7) For clear perspective, focus on three things: that your child be gainfully employed, live independently, and pursue a quality of life of his own determination.
Focusing on three things from the beginning brings things into a clearer perspective for a parent. I wanted my son to be gainfully employed, live independently, and pursue a quality of life of his own determination. This simple premise was the catalyst for how I determined my course of action on behalf of my son, and my focus when advocating for systemic change. I achieved this for my son and continue teaching others with those three things foremost in mind. I began seeking an inclusive classroom, then inclusive schools, and now, an inclusive community. I have seen the first two become reality. The last still remains elusive, but hope continues that some day even it may be accomplished. Inclusion in all things from the beginning is the precursor to being accepted as a part of the whole community. Segregation and isolation will become a life sentence.
8) You are a stakeholder and need to be at the table.
Public schools are what we make them. Our involvement as parents from supporting the classroom teacher to becoming part of school advisories is necessary so that we remain a consideration and our children have a voice when policies and practices are developed. Without your involvement that voice is lost. That voice must be heard not only in the schools, but on state and federal levels.
Public schools represent the diversity of the community in which you live. The schools are where we acquire the fundamental building blocks for participation in society. It is where we learn to socially interact and coexist with tolerances. Purposeful segregation denies any opportunity to foster tolerances and acceptance in a class room, in a school, or in a community.
9) Define yourself as a child advocate.
Webster defines an advocate as one who speaks for others. I cringe when I hear someone introduce themselves as a parent advocate. I would agree to the term “civil rights activist” or “child advocate”. Parents are advocates for their own children and need to embrace that responsibility. Creating dependencies on others to make decisions for you will not achieve the outcome necessary for success. Learning the process and applying it individually will. Only you know what is best for your child because only you know your child best.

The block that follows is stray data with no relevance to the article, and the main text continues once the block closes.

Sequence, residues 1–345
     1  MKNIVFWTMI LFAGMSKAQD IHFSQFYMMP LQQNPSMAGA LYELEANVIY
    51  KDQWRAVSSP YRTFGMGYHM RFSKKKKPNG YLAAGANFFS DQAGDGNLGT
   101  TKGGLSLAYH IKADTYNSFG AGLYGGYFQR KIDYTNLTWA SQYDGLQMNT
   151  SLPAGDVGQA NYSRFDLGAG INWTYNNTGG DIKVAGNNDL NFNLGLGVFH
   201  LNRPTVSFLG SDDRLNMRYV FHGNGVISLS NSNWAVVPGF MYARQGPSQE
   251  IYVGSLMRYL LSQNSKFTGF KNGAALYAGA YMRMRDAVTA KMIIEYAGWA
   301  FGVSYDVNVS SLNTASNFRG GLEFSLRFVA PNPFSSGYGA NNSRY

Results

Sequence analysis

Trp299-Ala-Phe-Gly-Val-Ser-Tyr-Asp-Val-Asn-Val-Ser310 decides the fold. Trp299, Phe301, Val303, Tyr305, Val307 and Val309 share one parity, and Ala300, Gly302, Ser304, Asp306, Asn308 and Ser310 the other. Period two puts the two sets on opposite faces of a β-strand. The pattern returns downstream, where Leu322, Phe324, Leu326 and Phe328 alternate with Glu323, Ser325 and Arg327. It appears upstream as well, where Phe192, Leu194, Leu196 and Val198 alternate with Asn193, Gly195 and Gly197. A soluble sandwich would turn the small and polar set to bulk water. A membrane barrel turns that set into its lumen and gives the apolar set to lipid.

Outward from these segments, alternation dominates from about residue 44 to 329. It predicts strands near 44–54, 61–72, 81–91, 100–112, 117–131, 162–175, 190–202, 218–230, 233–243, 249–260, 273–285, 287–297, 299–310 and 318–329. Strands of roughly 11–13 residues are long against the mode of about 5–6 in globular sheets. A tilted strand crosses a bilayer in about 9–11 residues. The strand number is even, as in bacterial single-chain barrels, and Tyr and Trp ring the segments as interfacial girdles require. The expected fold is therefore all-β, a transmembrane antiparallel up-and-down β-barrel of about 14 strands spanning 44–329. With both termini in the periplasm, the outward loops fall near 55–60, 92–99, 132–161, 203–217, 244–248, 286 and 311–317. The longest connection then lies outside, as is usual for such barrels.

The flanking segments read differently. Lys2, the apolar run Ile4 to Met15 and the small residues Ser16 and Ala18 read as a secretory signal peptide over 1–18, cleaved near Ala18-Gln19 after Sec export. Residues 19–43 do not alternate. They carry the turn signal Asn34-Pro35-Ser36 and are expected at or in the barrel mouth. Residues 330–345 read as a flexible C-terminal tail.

10) Remember that you are role modeling for your child how to be a self-advocate.
Self‐ advocacy will not only accomplish what is needed, but establishes something your child will role model and use when they seek independence as adults, leaving the entitlements of public schools and into the eligibility of community living.
Opportunities for participation often must be created if they do not exist. Equal access is not a privilege – it is a right, and the need is not to create separate, special access, but rather create equal access to all existing opportunities community wide.
This is a grassroots, disability, civil rights movement, and for change to happen it cannot be disability specific, and must include disability groups combined, working toward civil rights for all.
I have always looked at what is sustainable for others coming behind when focusing my efforts. I understand the difference one individual can make. I have seen much change in my community over the years as a result of my willingness to step forward and get involved. My goal is that when the time comes for others to step forward to become parent leaders they will have all the information needed to make a difference in their own lives and in the lives of others. I will not see equality for persons with disabilities in my lifetime. With vigilance it may happen in yours. When I am gone, it is my wish for my legacy to be “a father who stood up for children with disabilities and made a difference”.
Until that day, I will continue to share information, encourage others to become involved, and remain watching “like a Hawke”.